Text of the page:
What is of value? What is right about the world? What is worth our awe? It turns out that care, compassion, and above all collaboration and cooperation are responsible for the success of species…including us, humans. We aren't the biggest, strongest, fastest… but we are highly cooperative. We are born because of communities and into communities. As Desmond Tutu put it, “We are, because we belong.”
If we believe this and in a world where we and everything are all connected—The universe’s “Internet of EveryThing”—as most spiritual paths teach and even science sees in GCP and quantum physics, what can we conclude about open source? It seems obvious to me that it aligns with the wisdom proven out in the evolution of life. Open source in service of cooperation is utterly ingrained in human kind’s most basic nature.
In a culture of innovation built around competitive corporations, open sourcing at very least hedges us against our collective corporate egos. At best, it can introduce a community's sense of greater meaning, humanity, heart, love, and compassion into the business place and across them. I am reminded of playing hockey as a kid. My dad used to coach me and his teams to play for fun, not to win. Competition was (is) a game. It has a lot of benefits like a score to measure oneself against and improve, but in the end we're all out on the ice (on this Earth) to enjoy experiencing growth through different perspectives, or the duality of life. A nice corollary is that when we intended to have fun, we also improved and often won (did our best work).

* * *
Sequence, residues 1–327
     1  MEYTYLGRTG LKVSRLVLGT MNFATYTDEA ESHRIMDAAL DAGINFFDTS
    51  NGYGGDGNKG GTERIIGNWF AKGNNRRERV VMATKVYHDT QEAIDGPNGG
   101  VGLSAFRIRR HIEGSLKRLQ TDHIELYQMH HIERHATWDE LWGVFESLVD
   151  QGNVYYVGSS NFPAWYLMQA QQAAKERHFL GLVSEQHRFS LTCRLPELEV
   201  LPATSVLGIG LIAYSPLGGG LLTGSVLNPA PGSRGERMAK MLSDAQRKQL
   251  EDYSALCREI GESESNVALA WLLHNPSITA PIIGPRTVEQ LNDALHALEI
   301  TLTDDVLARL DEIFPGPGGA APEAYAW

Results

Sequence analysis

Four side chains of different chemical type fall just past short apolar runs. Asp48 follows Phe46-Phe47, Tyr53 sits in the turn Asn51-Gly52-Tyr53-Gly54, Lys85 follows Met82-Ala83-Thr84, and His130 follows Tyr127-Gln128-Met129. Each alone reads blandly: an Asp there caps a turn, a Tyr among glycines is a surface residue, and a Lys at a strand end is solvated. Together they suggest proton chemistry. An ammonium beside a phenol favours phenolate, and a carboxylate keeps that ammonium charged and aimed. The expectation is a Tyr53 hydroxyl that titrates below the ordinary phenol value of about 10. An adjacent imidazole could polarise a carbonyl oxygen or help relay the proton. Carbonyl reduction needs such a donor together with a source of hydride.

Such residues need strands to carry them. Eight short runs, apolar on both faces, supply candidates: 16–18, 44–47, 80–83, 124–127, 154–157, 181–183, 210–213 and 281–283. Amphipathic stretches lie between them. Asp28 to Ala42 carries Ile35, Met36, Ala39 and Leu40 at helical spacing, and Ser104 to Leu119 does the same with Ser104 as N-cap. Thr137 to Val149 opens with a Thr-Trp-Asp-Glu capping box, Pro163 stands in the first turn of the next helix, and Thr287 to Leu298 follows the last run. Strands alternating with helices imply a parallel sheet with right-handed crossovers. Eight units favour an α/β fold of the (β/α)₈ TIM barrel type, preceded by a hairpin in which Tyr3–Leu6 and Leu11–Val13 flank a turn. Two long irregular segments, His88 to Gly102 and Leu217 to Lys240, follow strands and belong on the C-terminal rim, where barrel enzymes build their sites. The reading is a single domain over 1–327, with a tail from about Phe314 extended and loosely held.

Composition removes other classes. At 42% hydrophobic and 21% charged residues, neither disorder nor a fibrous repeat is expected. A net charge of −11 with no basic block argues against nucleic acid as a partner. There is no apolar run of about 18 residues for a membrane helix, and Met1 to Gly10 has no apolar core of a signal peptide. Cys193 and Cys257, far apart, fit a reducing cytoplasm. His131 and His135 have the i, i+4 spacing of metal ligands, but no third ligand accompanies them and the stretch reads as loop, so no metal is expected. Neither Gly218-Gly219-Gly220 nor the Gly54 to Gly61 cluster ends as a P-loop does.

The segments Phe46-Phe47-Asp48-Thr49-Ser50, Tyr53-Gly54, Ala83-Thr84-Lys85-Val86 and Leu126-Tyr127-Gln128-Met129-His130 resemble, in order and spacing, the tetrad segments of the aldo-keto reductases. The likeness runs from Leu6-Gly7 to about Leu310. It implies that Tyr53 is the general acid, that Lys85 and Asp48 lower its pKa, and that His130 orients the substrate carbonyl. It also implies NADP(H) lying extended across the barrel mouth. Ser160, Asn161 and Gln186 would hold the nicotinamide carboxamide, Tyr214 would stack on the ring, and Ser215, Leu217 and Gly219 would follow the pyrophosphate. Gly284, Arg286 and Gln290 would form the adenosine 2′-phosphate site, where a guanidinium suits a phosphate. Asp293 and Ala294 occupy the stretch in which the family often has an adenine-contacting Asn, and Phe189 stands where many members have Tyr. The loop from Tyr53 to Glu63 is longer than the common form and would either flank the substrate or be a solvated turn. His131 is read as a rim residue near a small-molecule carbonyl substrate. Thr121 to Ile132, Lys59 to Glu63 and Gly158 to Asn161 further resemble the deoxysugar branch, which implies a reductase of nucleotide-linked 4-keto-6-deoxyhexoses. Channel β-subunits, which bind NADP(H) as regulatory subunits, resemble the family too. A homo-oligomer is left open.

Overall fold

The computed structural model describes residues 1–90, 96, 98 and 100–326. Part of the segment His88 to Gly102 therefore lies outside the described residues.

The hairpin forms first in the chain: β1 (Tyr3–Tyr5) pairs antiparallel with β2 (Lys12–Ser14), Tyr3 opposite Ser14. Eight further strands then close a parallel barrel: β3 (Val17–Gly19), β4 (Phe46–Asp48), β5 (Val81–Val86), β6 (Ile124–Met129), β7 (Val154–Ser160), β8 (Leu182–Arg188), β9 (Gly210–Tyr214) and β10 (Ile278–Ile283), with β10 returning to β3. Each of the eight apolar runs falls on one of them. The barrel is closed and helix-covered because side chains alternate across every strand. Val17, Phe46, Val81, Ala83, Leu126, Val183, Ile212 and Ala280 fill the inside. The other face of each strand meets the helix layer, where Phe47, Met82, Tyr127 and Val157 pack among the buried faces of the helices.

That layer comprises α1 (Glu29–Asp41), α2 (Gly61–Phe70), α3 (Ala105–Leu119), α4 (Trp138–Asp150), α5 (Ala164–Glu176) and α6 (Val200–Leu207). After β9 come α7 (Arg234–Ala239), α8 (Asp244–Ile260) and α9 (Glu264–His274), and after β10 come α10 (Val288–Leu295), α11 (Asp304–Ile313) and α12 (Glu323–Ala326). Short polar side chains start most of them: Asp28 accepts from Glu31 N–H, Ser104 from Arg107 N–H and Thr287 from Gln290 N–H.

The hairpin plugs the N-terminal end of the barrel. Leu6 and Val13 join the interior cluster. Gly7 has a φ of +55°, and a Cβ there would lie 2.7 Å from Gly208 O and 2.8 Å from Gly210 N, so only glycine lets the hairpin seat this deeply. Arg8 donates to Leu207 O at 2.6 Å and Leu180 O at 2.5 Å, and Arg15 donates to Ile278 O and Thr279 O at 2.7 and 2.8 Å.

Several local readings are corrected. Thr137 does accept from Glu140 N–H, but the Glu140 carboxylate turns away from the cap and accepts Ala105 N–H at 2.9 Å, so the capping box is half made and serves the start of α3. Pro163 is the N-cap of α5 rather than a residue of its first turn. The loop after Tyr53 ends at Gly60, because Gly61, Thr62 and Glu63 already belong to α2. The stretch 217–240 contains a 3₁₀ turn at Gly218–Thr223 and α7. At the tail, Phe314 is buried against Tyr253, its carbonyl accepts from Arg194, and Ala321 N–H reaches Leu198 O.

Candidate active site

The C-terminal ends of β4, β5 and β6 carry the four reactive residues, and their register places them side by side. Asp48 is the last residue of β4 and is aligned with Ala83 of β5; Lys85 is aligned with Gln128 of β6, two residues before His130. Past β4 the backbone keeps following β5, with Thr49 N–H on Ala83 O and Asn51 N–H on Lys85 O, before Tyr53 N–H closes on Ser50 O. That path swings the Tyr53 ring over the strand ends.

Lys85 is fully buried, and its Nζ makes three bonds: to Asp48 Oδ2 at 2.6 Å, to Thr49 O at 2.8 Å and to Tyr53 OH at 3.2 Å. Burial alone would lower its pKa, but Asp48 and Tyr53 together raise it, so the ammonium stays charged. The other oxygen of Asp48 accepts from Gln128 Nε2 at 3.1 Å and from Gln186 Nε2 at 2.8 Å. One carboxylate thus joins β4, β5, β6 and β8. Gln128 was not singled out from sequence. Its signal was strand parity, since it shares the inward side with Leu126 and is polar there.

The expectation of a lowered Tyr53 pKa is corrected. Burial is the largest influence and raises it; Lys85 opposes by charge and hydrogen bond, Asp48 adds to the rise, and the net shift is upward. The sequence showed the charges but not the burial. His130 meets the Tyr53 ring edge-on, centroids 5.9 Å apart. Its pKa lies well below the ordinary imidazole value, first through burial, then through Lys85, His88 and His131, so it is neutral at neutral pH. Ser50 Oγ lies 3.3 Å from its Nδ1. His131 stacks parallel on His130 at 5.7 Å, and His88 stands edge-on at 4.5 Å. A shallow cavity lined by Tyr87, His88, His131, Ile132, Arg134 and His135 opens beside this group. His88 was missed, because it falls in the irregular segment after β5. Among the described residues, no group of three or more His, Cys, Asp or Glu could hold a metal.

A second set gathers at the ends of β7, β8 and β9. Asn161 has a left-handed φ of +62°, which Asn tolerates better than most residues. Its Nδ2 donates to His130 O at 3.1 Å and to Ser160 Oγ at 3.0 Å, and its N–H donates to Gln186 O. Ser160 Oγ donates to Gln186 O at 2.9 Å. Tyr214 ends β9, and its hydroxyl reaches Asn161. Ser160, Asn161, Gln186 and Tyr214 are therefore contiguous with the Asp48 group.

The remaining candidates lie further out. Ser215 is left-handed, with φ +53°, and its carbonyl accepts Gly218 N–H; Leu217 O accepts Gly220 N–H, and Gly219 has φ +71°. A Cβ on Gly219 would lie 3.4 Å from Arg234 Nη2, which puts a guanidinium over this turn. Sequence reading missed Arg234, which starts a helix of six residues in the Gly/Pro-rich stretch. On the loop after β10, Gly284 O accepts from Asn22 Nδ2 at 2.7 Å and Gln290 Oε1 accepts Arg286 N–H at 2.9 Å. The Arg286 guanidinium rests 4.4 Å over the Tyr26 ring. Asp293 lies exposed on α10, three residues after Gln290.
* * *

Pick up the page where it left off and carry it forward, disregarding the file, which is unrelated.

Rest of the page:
Having used, developed and evangelized open source software, I always had an altruistic feeling that it was the right thing to do for many reasons. But now I see beyond just the practical and business reasons. In a world seeking and needing more consciousness, the open source model aligns with democracy, citizenship, and the natural order of things.
In software and high-tech at large, there has been rising strength in open source projects and communities. It is nearing a watershed moment as the preferred way to collaborate on and use technology, not just in software but also in hardware with projects like the Open Compute Project (OCP).
Let’s make future Earth Days and everyday day closer to a global consciousness, not simply a matter of LED bulbs and reducing, but also being conscious about what we are adding and choosing. For me that is a passion and advocacy for the open source movements. I encourage you to partake if you can, and if not, simply use them (vote with your wallet). There are all kinds of documented practical reasons, but now you have one more!
Over the bottom half of this decade we'll see open source change the technology industry, and I can't wait to see what other industries will tap into our nature and collaborate out in the open.